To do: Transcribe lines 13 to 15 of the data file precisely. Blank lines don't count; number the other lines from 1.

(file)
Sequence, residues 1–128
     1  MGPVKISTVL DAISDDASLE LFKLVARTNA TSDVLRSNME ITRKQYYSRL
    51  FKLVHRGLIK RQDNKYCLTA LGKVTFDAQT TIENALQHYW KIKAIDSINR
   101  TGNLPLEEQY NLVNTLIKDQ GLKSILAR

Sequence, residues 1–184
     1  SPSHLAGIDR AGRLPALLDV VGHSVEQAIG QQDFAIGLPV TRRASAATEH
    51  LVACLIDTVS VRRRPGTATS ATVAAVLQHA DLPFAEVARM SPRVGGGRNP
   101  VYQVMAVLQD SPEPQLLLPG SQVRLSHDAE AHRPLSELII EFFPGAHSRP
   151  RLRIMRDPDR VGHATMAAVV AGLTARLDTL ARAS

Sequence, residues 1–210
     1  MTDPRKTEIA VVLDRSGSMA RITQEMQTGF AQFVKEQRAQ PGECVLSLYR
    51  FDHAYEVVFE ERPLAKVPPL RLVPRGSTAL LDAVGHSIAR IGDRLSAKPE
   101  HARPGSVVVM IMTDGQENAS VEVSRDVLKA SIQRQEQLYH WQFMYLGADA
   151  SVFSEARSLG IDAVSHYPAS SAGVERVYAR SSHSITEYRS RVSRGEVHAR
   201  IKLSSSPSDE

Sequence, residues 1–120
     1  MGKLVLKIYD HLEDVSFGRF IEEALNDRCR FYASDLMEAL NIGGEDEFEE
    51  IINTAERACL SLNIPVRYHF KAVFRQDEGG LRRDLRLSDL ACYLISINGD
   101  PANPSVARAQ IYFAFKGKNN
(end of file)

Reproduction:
   101  HARPGSVVVM IMTDGQENAS VEVSRDVLKA SIQRQEQLYH WQFMYLGADA
   151  SVFSEARSLG IDAVSHYPAS SAGVERVYAR SSHSITEYRS RVSRGEVHAR
   201  IKLSSSPSDE